Captain Shakespeare is there to given Tristran and Yvaine safe haven for a time, to transform Tristran from provincial boy operating on dumb luck to sophisticated and capable man who can handle problems. It’s only a supporting role, and de Niro combines flamboyance and underplaying with the confidence of a  great actor enjoying himself. Apparently, the other possible star for the role was Jack Nicholson, who I doubt could have played this role anything like as effectively.

Ultimately, though, the film belongs to Cox and Daines. He’s innocent in the best sense throughout, an overgrown boy taking on manhood before our eyes, whilst retaining a boyish delight throughout. He has to undergo this adventure to become worthy of his role, because his mother, slave to a caravan witch, Ditchwater Sal (Hill) is really Una, daughter to the King, and after the last son, Septimus (Mark Strong) is killed by Lamia, Tristran becomes the Heir to Stormhold. But he also has to undergo this adventure to discover his real true love and to become worthy – both in person and in the heart – of the love of Yvaine the star.

And Daines is simply wonderful, not to mention unconventionally beautiful. Her face is always mobile, initially in a hunted, indeed neurotic manner, and her anxieties never wholly disappear until she saves the day by Shining, but the longer the film goes on, and the closer she comes to falling in love with Tristran, the more that mobility is just evidence of an underlying energy, the force of love unable to be contained yet unable to be expressed.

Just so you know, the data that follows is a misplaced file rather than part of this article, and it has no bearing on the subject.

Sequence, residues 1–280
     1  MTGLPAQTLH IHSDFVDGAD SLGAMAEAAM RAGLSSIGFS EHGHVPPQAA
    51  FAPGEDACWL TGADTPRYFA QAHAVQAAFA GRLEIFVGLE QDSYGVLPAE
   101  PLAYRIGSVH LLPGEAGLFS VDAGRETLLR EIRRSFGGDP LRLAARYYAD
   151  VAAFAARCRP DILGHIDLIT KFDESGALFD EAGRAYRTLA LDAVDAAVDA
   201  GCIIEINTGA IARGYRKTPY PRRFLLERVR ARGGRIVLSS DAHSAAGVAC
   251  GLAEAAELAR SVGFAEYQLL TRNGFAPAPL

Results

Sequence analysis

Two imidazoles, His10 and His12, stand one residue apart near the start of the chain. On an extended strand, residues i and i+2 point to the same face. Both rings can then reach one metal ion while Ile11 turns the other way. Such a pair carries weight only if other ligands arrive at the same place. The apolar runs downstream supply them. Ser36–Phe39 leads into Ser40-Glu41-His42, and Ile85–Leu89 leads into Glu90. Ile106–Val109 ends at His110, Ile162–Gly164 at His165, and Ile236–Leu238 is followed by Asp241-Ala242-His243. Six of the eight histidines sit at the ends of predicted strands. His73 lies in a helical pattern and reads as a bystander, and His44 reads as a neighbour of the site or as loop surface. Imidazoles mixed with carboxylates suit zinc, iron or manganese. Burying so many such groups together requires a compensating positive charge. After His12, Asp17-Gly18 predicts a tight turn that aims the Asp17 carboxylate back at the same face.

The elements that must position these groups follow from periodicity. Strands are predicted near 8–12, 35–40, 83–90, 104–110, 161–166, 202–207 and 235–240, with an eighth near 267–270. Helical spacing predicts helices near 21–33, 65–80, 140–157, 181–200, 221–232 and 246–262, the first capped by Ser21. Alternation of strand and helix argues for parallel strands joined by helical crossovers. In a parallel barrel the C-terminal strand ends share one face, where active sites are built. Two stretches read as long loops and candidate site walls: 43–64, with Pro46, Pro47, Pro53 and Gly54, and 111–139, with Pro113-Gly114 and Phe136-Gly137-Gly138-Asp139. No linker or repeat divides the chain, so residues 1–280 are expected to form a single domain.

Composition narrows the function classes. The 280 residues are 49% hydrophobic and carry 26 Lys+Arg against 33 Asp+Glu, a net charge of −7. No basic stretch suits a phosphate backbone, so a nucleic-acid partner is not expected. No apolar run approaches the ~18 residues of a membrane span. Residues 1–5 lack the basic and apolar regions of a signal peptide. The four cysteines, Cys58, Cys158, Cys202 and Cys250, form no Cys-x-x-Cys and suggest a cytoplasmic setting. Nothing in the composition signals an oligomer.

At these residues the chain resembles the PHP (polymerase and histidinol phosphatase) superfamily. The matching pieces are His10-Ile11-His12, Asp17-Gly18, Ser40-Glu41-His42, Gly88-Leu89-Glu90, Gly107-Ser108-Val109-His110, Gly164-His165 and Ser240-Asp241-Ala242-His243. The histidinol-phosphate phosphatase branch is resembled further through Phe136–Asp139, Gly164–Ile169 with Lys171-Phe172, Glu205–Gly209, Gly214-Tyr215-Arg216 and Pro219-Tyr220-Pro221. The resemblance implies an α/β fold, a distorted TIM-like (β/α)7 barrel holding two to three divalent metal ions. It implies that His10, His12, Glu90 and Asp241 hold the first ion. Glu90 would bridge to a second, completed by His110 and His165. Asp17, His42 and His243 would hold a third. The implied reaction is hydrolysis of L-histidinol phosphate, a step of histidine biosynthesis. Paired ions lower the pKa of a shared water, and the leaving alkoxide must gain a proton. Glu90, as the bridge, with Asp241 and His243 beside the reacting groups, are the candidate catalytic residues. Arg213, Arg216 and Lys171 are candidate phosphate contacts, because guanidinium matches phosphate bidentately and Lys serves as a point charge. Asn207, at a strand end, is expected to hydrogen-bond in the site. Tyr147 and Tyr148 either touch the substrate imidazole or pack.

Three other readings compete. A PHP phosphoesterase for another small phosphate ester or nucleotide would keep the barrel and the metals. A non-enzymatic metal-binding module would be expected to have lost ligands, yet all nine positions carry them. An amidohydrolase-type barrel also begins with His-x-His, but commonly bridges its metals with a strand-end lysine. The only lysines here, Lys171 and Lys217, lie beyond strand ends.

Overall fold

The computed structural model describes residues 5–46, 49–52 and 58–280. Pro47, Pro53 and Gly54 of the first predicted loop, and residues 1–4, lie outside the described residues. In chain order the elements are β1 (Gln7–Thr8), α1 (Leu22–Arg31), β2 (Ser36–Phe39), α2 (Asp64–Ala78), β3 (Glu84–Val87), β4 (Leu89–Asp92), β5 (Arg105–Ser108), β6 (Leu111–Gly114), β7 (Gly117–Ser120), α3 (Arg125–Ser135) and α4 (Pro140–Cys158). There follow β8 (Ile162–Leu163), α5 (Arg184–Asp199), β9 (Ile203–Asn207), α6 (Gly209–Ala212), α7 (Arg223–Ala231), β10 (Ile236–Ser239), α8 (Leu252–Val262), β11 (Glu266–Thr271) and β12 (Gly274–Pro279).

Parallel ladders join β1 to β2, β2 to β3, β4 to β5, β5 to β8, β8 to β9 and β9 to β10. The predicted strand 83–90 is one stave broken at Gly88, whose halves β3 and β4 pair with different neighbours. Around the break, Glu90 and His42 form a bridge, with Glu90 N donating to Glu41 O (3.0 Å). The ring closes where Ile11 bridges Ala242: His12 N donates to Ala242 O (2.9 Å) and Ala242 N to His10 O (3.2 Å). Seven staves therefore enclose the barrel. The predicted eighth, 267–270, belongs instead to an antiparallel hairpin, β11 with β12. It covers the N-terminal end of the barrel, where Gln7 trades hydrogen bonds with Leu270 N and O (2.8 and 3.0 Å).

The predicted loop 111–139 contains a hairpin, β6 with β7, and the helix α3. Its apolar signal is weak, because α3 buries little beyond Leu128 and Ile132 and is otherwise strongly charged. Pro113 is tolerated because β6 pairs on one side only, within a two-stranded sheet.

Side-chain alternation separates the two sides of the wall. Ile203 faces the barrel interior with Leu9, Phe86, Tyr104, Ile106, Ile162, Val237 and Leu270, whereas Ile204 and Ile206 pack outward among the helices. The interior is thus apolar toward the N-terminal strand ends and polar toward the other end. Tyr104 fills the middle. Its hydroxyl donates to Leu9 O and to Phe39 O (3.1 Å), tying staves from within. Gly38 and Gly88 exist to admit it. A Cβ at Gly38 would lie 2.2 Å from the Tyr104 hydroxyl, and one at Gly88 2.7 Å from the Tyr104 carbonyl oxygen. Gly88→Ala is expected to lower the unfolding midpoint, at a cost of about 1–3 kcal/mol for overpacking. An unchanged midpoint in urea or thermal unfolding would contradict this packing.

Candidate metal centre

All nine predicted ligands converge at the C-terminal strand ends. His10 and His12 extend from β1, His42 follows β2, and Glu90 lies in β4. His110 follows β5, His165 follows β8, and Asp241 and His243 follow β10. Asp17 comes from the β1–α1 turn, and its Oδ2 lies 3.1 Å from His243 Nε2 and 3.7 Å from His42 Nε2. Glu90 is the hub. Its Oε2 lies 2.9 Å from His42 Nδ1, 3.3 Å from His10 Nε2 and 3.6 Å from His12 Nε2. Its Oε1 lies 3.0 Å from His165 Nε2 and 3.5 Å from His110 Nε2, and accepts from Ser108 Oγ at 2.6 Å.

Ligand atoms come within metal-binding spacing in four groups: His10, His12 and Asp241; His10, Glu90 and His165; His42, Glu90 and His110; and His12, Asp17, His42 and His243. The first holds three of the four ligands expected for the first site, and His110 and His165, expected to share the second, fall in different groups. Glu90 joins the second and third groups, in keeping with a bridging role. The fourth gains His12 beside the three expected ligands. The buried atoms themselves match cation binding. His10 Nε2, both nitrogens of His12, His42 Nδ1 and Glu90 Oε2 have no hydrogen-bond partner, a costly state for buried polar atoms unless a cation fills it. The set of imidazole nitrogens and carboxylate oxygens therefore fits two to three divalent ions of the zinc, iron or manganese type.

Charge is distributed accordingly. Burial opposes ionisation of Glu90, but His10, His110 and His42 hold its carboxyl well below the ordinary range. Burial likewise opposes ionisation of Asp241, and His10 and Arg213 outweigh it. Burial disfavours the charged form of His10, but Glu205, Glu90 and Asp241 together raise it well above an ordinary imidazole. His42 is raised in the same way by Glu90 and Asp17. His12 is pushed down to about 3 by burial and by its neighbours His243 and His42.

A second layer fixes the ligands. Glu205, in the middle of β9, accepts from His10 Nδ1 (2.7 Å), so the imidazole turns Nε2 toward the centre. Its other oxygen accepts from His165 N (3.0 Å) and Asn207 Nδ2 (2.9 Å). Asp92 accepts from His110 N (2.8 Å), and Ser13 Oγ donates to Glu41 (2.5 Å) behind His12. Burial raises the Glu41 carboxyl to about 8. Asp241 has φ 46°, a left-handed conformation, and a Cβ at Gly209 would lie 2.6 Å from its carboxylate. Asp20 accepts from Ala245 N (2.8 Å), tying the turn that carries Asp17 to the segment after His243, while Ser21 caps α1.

I’ve left so much out, so many little details that demonstrate the comprehensive vision that Vaughan had for this film. It’s another of those where the casting is ideal – Olivia Grant was cast in the minor role of the female version of Bernard (don’t ask) literally weeks out of Acting School and, without any lines, makes a wonderfully comic cameo – and whilst there are those who regret that the tone was not more faithful to the original story, they don’t include Gaiman, who was happier with an artistically satisfactory comedy than a serious film that would have failed: like me with so many other versions, he thinks of this as the Earth-2 Stardust.

That’s not to say the film’s perfect. It was released in 2007 and includes a minor role for Ricky Gervaise as Ferdy the Fence (behind a door marked ‘Ferdy’s Office’). It hasn’t worn well, rather like Gervaise’s star since those halcyon days. Gervaise isn’t convincing in his acting, but then he’s playing against Robert de Niro soo that’s a more than adequate excuse. It’s just that it’s David Brent, with an Andy Millman catch-phrase, out of context and in 2018 it no longer works.

But I’ve no other complaints about Stardust, not even the Take That song, ‘Rule the World’ in the credits. My wife was a major league Take That fan, but even I loved this song from the first moment I heard it, then and now.

I love Stardust. Like Gregory’s Girl, last week, it’s one of my ten favourite films, for itself and without the memories I have attached to it. Other adaptations of Neil Gaiman’s work have been far more faithful to the source than this, and I am very glad of it.